Supreme Court Rules Against Workers in Amazon Screening Case

SupremeIn a unanimous ruling, the Supreme Court rejected a case involving Amazon warehouse employees who had argued they should be compensated for the time they spend waiting in a line for security screenings. The workers had argued that the wait should be considered part of their work in the warehouse.

According to the New York Times, the Supreme Court denied their theory because “the screenings were not ‘integral and indispensable’ to the workers’ jobs, which involved retrieving products from warehouse shelves and packaging them for delivery to Amazon’s customers. That meant, Justice Thomas said, that no extra pay was required.”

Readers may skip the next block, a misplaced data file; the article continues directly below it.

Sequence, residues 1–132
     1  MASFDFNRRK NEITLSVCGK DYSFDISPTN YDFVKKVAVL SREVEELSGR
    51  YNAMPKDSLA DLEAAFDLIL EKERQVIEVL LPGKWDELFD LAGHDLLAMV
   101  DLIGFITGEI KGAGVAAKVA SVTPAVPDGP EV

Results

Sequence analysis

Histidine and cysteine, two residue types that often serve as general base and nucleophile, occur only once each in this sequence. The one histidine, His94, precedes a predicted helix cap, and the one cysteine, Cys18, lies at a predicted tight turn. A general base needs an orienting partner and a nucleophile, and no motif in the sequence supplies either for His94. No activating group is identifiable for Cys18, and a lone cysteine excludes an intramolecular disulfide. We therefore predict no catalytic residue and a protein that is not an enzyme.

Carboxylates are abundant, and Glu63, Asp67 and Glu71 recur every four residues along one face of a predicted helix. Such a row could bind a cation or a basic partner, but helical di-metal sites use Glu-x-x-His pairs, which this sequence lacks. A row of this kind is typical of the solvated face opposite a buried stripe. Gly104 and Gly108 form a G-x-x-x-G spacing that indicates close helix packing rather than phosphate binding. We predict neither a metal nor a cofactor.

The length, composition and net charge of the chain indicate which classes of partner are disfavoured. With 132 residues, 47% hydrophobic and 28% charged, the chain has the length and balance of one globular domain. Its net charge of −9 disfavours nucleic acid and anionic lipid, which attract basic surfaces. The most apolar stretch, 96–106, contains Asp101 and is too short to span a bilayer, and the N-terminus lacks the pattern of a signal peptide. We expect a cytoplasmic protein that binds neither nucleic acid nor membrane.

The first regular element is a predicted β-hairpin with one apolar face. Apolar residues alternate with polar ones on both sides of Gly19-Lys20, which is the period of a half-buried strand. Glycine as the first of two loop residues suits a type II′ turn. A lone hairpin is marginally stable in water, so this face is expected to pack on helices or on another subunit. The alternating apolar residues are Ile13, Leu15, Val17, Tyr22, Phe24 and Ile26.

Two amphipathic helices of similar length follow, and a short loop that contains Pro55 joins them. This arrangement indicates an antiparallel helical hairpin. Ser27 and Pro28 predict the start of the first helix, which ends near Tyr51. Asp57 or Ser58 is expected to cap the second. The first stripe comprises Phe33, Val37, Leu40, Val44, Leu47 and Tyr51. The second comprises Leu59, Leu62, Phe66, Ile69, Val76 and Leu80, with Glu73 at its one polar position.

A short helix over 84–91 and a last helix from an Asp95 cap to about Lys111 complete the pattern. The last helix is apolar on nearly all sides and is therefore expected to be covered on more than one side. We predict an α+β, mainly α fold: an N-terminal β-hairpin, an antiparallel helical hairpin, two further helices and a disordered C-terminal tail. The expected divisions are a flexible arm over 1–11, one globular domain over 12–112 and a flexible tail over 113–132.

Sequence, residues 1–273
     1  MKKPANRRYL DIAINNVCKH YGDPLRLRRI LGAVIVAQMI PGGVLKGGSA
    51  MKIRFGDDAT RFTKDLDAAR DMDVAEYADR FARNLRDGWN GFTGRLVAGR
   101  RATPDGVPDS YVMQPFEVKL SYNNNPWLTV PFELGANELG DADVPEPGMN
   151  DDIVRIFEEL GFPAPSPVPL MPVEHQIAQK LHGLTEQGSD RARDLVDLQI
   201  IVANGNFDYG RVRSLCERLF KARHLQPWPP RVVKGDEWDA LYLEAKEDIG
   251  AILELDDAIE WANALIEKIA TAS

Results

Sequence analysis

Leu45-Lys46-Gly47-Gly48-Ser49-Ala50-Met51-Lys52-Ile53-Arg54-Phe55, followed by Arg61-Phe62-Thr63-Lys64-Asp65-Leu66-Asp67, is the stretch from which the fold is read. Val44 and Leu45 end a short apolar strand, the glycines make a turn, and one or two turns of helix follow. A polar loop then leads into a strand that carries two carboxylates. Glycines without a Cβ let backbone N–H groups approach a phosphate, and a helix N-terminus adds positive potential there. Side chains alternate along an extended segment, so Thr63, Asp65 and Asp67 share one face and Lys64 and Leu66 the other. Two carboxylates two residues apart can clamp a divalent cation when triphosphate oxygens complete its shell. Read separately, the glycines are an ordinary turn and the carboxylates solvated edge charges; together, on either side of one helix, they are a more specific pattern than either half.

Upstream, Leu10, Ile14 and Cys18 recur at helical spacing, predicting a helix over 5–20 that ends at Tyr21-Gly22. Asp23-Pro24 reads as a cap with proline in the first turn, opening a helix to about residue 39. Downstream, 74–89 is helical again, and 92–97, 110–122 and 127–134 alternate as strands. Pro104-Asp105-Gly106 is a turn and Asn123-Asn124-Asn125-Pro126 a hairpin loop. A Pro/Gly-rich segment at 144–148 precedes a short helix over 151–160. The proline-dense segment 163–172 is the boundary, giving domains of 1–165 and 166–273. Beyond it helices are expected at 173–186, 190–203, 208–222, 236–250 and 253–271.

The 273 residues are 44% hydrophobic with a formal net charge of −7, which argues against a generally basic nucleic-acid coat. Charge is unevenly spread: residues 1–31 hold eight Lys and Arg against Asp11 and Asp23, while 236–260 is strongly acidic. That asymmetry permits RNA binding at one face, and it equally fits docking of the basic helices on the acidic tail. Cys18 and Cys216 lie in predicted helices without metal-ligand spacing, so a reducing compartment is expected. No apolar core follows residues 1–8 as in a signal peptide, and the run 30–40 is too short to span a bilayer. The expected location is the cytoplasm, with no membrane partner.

In issuing their ruling, the justices relied on a 1947 law, the Portal-to-Portal Act which stated that companies do not have to pay workers for preliminary or postliminary activities. The Times also reported, “The Supreme Court interpreted the law in 1956 in Steiner v. Mitchell to require pay only for tasks that are an ‘integral and indispensable part of the principal activities for which covered workmen are employed.’”

Dumas and Vaughn Attorneys at Law has law offices in Portland, Oregon and serves clients in Oregon, Washington, Idaho, and other states.

newspaper templates - theme rewards